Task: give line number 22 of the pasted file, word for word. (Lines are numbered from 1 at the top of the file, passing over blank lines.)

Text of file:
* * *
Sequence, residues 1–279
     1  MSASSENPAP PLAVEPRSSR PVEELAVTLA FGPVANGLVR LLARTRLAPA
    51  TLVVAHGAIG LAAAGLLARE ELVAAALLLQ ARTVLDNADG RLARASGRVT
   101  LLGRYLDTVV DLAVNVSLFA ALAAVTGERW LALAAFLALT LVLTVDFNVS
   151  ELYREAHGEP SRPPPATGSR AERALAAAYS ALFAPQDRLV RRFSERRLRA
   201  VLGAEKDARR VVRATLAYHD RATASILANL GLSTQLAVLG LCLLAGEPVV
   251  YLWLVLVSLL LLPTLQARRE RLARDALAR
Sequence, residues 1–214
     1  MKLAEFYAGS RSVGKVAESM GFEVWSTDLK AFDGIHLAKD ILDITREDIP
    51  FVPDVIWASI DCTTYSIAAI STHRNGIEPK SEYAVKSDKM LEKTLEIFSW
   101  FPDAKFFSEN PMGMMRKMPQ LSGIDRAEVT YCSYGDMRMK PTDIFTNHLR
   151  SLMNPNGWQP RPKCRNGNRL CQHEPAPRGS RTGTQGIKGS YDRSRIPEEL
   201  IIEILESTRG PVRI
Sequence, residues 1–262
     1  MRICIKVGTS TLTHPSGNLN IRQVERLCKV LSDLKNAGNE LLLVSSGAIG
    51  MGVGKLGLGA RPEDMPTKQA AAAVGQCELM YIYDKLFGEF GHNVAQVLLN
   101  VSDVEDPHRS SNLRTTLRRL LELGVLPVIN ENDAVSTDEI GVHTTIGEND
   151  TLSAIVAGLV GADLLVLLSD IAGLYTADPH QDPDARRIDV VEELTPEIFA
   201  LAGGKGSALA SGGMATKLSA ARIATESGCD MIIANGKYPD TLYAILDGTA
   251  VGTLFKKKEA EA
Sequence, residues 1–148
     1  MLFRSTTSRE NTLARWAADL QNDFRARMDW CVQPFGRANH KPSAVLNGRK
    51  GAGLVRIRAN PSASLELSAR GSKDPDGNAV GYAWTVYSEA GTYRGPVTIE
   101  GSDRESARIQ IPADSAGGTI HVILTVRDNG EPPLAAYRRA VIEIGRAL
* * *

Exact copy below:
     1  MLFRSTTSRE NTLARWAADL QNDFRARMDW CVQPFGRANH KPSAVLNGRK